Ecuador, Audiovisual Heritage, and Watson Kintner shines again.

December 3, 2014

Penn Museum’s film collections are popular with filmmakers and others in Ecuador, this much we knew from the many downloads and requests received. For a story on UNESCO Audiovisual Heritage efforts, the broadcast news producer, Tomás Ciuffardi, paid tribute to the significance of film archives as primary source historical materials. In his research he scoured the physical archives of Ecuador and collections available online to find footage significant to Ecuadorians.

Queue this television news program to 9:41 for a testimony on footage taken by Watson Kintner. (The narration for these sections is translated below)

From the written narration by Mr. Ciuffardi:
@ 9:41 We can also find [footage of] practically all the regions of Ecuador, filmed in 1949 by Watson Kintner, and housed in the University of Pennsylvania, […] showing the daily life of our country, [which attains] incommensurable value in face of the lack of [our own national or personal family] archives.
@ 10:18 …These and other surprising films have recently appeared, which no one knew existed. That is why today the National Council of Cinema is making an effort to obtain copies of these films from outside the country to incorporate them into the National Archives.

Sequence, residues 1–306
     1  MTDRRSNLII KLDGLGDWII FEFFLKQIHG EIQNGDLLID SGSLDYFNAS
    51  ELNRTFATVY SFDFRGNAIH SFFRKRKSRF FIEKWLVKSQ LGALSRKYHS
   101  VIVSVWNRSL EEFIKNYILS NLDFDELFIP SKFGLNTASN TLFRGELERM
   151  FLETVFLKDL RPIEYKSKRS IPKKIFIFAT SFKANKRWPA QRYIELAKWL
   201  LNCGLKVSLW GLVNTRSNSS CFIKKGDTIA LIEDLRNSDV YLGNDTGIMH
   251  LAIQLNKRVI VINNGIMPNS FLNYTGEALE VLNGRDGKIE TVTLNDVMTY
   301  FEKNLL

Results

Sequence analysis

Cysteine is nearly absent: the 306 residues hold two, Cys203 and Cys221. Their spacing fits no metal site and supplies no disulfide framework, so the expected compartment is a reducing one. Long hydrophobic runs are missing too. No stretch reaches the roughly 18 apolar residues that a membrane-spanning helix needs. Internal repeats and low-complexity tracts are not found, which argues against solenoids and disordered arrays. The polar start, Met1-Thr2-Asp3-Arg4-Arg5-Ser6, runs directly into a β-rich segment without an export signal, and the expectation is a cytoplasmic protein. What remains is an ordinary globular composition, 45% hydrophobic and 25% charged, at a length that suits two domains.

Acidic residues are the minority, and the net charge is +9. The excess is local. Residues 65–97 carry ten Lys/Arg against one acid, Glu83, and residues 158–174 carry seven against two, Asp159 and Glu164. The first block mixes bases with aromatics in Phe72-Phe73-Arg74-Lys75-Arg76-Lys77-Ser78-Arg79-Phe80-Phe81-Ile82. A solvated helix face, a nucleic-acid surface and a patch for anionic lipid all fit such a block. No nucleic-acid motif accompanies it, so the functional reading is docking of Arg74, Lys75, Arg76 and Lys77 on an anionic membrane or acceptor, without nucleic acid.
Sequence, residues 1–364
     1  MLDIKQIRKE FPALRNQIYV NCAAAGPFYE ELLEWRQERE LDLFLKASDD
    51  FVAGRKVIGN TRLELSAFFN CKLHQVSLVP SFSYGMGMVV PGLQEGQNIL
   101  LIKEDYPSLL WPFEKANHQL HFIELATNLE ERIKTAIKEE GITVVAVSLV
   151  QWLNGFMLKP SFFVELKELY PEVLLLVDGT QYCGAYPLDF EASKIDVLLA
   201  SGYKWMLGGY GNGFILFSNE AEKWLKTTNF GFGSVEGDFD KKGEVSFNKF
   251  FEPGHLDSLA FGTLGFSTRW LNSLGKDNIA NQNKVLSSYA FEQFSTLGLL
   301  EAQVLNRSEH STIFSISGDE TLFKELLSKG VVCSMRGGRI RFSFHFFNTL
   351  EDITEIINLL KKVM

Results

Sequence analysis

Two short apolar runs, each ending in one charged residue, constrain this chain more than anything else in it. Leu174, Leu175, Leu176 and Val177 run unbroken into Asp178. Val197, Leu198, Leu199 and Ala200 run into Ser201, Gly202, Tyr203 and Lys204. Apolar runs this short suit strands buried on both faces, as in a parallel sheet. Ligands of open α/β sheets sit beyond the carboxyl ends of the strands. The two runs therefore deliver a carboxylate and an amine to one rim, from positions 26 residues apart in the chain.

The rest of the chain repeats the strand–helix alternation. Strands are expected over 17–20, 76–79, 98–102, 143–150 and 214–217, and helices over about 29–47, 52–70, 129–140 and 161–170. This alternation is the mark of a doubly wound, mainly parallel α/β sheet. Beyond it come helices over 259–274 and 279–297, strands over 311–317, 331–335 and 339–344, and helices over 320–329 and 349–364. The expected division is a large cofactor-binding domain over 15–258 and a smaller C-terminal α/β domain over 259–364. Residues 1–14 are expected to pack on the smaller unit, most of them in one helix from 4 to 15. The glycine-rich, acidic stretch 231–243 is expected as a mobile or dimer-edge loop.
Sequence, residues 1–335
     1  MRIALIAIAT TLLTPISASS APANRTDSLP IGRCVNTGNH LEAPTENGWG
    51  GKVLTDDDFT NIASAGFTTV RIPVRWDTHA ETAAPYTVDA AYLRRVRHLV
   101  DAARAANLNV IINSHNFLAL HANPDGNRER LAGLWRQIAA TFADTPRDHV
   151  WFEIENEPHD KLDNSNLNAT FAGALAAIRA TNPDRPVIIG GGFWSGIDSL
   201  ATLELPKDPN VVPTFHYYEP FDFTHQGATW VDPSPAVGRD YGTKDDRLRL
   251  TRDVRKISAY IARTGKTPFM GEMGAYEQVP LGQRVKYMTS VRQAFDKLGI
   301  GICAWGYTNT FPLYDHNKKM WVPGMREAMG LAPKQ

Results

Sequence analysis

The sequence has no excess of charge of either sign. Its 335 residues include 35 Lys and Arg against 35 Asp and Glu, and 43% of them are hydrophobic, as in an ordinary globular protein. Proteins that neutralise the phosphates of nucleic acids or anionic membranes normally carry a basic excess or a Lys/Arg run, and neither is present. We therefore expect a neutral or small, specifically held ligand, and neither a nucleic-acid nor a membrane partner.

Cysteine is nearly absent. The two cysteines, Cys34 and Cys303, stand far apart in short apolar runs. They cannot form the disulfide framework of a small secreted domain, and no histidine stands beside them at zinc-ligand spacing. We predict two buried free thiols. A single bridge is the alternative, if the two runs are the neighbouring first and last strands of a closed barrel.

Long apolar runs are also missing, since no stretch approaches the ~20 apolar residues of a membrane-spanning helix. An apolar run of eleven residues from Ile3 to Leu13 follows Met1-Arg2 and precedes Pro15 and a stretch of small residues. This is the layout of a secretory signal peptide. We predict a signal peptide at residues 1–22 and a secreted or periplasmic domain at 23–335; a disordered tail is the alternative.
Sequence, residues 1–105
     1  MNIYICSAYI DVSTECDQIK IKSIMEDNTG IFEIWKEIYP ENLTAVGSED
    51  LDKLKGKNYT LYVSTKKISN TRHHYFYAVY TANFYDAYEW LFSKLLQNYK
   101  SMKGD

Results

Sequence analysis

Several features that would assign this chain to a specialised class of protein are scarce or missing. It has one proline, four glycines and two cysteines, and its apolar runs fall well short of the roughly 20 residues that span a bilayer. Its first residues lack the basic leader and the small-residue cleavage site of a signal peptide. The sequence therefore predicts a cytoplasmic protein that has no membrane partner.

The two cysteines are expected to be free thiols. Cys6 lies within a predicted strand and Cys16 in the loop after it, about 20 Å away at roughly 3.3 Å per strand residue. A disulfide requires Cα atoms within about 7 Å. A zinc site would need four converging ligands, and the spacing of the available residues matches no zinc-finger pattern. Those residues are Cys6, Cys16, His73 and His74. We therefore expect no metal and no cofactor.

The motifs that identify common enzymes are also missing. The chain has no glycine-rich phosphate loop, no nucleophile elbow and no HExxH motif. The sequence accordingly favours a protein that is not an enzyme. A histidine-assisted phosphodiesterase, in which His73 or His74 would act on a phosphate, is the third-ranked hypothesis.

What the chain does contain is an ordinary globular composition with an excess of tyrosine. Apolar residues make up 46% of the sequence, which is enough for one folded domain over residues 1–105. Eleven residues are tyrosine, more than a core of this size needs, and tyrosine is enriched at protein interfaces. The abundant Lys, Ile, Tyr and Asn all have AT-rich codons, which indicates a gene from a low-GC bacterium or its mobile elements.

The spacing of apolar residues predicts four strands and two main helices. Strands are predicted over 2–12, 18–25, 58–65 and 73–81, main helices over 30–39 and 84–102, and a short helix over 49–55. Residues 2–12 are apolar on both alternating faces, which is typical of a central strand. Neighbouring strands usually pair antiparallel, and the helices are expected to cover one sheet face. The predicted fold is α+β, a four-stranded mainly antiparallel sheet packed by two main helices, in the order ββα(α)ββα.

Note that the footage within the program by Kintner is some of the clearest, brightest, and most colorful, this is in part due to his use of colorfast Kodachrome film stock, a now discontinued product that was actually based in black and white technology with layers of dye affixed. Mr Kintner, an RCA Chemical Engineer closely connected with the Penn Museum, was prescient in his interest in material culture, and how people made things. In his filming, he seemed to take joy in trying to understand what people did in their daily lives. Perhaps he understood that things would not remain as they were, and that many folkloric patterns would be gone in the not too distant future. We are still grateful to Mr. Kintner for his careful note-taking (which you may find in the catalog records) and the interest he took in people all around the world.

See more 1949 footage of Ecuador from the Watson Kintner Collection.